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Last week we looked at how businesses could potentially save more by tax planning changes than what they would get from the 20% QBI  (qualified business Income) deduction next year.  The week before that we talked about mortgage deductions and planning tips. This week we are getting down to the “core” of the changes (cute right?) and what the taxpaying public really needs to get their arms around.  The talking heads on CNBC and some of the other more neutral media outlets are talking about the signs we are already seeing of confidence in the economy.  People are starting to see a little more in their paychecks this week, which brings a nice warm feeling this time of year.   Even[…]

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In our first Tax Code Changes blog, we spoke of IRA withdrawal behavioral changes, and last week we talked about mortgage planning tips under the new rules.  This week we will tackle something for the sole proprietor business owner who uses a Schedule C for business income reporting, as this applies to most small businesses in America.  The new rules have opened a window of controversy over a new IRS term of art called “QBI” or qualified business income.  Each pass-through business including sole proprietors will be able to deduct 20% of the net profit of their business before applying the tax when filing their personal return in 2019 for tax year 2018.  The rule limits that deduction to a[…]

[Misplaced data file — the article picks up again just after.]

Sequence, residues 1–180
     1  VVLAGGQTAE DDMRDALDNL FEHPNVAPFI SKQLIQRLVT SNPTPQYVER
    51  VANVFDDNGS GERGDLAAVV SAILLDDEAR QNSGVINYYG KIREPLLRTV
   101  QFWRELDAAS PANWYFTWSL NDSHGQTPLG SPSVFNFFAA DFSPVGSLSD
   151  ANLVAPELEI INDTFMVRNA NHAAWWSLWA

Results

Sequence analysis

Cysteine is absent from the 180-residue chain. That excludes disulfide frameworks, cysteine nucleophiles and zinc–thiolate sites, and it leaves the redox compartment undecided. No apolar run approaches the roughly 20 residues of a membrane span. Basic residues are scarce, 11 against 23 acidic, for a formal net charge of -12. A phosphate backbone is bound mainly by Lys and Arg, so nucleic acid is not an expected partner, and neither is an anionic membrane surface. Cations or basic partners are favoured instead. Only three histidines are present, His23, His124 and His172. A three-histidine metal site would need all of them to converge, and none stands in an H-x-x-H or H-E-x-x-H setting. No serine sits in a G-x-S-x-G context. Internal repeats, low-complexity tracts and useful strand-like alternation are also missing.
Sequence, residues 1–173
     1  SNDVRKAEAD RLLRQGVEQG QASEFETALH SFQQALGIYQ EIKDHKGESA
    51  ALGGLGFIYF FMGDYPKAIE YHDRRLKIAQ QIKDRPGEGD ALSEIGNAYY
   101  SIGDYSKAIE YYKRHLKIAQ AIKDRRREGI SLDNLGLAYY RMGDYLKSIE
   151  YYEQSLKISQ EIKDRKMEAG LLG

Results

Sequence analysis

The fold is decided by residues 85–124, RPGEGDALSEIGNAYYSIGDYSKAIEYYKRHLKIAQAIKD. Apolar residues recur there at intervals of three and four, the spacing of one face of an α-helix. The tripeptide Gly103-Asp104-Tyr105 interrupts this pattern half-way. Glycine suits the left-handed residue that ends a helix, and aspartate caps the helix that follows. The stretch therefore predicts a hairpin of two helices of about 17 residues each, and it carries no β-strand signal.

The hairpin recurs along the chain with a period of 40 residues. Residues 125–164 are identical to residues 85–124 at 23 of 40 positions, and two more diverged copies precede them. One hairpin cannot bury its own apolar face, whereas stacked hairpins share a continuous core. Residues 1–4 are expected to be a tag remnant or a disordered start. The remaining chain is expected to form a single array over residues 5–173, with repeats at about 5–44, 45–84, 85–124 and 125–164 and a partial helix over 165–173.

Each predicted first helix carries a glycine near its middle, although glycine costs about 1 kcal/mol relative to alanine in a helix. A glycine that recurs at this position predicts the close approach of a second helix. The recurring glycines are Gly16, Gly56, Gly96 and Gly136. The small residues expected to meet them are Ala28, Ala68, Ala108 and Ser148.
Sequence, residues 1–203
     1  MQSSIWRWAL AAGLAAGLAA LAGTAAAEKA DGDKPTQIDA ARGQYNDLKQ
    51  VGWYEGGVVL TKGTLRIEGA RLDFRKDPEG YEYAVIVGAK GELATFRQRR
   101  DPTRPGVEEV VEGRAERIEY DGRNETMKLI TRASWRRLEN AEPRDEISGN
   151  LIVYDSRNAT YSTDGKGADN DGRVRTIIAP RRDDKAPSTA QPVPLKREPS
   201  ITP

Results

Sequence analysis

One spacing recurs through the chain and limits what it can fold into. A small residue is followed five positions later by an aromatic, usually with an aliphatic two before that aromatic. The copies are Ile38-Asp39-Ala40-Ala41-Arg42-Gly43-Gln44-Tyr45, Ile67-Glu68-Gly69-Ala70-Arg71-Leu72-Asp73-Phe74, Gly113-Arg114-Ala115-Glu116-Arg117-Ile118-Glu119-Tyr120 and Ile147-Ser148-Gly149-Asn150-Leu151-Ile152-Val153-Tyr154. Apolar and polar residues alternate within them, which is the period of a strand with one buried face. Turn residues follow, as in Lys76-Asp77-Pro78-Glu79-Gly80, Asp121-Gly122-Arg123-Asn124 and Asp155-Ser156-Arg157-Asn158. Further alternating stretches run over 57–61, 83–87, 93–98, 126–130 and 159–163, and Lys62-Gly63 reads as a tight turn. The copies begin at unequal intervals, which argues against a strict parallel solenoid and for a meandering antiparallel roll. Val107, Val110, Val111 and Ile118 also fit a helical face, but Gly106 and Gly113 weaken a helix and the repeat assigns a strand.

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We`ll have lots to discuss over the next few weeks and months about the actions you might need to take because of the sweeping tax code changes.  The last topic was changing how you make your contributions to charity by doing direct transfers rather than the traditional, now old fashioned and less effective, way. Today we want to “tackle” (yup super bowl Sunday influences the bloggers) something that affects a large part of the population: mortgages! Like our charitable conversation two blogs ago, the mortgage interest deduction is also claimed on schedule A, so the first observation is that many people will simply no longer get any value from their mortgage interest because the new standard deduction is twice as much as[…]

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There are many ways a tax return can be done that are all OK with the IRS, but only  one of those ways nets the largest refund!  People need to understand this across America, and we talk about tax planning constantly.  We blog, tweet, post, e-mail and on and on, yet we as an industry are not even getting 10% of the public to take on tax planning!  The clients who do are often thrilled at the outcomes, and yet it’s just hard to get people to want to spend half the time that they spend planning their vacations on planning their own tax outcomes! (larger refunds would pay for those vacations?!?!) Planners  offices often don’t look like a franchise[…]

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Well, there are so many nuances to the new tax rules that we thought we would break them down over the next few weeks and cover a rule change a week, and then practical examples.  The news has covered the doubleing of the standard deduction to death, but knowing it happened doesn’t really help much.  What do you do about it?  Anything at all or just enjoy?  One practical matter would be thinking about what got listed on Schedule A of the return, and can you shift any of those expenses to other places on the return so that you not only get the new higher deduction but some additional benefit?  Probably.  Take, for instance, your charitable contributions, which are[…]